Many people believe the common misnomer that it is easy to write a blog. There are many aspects that are essential to writing a successful blog, and those aspects are even more important when trying to write a professional blog. Just because you choose to write a blog, does not mean that people will want to read it. The first step in creating a successful blog is to plan your ideas before writing the content. Blogging, unlike other forms of Social Media like Facebook or Twitter, is a communication channel that is based upon well thought out and well articulated thoughts and ideas. Whereas other social media outlets encourage daily or hourly posting to your page to share your feelings, emotions or current status, Blogging relies on content that is informative, pertinent, and has long lasting value to the reader(s), who can refer back to the blog days, weeks and even months later to review the information that was shared, and build upon those ideas or opinions with related information.
Another common misconception about blogging is that in order to keep your audience interested, you have to update your blog on a daily basis. Because other social media outlets rely so heavily on constant updates through status updates or tweets, people think that the same must be true about blogs. If your blog has good content, your readers are willing to wait for the next installment to come out. Good blogs also rely on feedback submitted by the readers about the content, whether it’s an opposing view, or an addition to the content that has already been shared. Your readers will prefer to enjoy a well written installment to your blog, rather than lose interest because you waffled on just for the sake of keeping the flow of traffic on the site. This break between posts provides you with an opportunity to formulate your next post, conduct some research into any feedback that might have been submitted, and builds the anticipation for your reader(s), in essence, less is more.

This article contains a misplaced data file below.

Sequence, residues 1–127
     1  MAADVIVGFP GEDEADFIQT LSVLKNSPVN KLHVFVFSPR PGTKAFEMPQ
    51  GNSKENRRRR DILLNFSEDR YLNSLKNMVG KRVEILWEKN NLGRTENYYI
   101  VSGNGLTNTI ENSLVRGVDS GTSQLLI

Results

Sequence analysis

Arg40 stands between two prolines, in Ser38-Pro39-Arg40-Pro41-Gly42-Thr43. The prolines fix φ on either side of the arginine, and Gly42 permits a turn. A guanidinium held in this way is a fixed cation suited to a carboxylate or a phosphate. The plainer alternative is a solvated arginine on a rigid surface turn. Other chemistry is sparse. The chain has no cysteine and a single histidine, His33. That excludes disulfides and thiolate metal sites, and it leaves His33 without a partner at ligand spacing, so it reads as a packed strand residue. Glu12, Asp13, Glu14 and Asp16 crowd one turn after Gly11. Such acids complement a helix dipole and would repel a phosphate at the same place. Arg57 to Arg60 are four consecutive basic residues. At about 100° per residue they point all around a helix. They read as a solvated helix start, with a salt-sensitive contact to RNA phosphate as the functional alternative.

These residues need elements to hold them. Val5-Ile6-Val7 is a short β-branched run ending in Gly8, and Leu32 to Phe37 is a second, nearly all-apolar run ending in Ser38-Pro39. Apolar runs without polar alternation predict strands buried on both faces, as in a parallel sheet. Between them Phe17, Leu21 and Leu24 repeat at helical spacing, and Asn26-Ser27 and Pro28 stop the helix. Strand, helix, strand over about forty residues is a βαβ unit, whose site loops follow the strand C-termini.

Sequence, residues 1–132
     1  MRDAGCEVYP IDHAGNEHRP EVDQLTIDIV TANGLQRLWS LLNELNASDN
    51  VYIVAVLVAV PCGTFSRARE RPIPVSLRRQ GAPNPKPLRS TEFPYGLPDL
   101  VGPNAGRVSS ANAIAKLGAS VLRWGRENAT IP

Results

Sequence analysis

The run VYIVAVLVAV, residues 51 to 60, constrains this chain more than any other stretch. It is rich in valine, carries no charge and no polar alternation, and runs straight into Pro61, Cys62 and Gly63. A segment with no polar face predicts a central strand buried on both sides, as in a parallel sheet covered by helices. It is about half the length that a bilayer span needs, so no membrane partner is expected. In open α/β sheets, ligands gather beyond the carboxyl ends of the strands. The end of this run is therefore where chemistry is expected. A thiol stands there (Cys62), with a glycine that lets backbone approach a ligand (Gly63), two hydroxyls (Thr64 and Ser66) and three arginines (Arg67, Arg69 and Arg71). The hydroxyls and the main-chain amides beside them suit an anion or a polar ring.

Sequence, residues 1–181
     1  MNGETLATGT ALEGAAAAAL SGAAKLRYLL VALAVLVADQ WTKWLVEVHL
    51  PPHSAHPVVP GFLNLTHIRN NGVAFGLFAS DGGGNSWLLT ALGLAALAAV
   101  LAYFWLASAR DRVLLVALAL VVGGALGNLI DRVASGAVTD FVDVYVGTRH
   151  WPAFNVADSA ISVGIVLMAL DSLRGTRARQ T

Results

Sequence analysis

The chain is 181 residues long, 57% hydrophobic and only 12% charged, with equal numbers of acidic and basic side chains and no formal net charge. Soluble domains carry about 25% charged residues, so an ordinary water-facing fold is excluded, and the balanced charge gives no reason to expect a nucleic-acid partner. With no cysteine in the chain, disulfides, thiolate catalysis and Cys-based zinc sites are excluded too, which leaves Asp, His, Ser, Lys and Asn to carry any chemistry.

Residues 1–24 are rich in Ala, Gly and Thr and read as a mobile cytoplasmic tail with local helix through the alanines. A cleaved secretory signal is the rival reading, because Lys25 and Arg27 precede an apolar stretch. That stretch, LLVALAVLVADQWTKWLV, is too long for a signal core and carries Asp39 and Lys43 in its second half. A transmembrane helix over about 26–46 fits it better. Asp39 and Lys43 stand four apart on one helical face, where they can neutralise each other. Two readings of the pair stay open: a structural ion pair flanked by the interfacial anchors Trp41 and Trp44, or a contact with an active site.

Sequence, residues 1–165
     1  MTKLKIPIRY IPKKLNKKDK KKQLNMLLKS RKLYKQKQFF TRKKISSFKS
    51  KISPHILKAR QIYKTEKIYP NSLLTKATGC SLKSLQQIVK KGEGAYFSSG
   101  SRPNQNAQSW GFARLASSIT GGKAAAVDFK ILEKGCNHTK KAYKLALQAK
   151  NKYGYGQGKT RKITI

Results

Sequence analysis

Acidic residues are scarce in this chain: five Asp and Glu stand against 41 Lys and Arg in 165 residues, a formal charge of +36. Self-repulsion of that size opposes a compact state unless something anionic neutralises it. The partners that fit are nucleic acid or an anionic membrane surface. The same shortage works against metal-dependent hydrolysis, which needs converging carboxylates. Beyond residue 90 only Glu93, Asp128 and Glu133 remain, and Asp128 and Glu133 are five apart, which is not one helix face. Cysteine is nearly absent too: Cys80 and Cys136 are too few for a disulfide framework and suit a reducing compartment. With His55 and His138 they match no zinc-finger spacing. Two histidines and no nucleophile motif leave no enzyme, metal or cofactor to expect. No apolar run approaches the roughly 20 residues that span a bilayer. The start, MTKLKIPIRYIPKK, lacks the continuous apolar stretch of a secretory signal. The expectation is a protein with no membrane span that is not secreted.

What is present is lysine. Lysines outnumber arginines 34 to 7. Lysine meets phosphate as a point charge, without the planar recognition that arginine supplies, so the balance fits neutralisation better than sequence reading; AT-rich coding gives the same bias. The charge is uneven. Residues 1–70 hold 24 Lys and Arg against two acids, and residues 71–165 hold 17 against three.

One area that blogs and other social media share, is the importance of visual stimuli. A visually appealing article that has links to other blogs or articles that are related to your content can help to keep the readers interested. Instead of inundating them with raw information, try to include visual aids, like pictures and/or links to videos and articles. Obviously, these visual stimuli must have relevance to your content and help to reinforce your point, and it’s a great way to break up the monotony of reading for your audience and allows them to see that you entertain the point of view of other articles and/or blogs that you have posted links to.
Jamie Langlois is a junior at the University of South Florida. She is working towards her degree in Finance. Jamie has 10 years experience in a professional environment.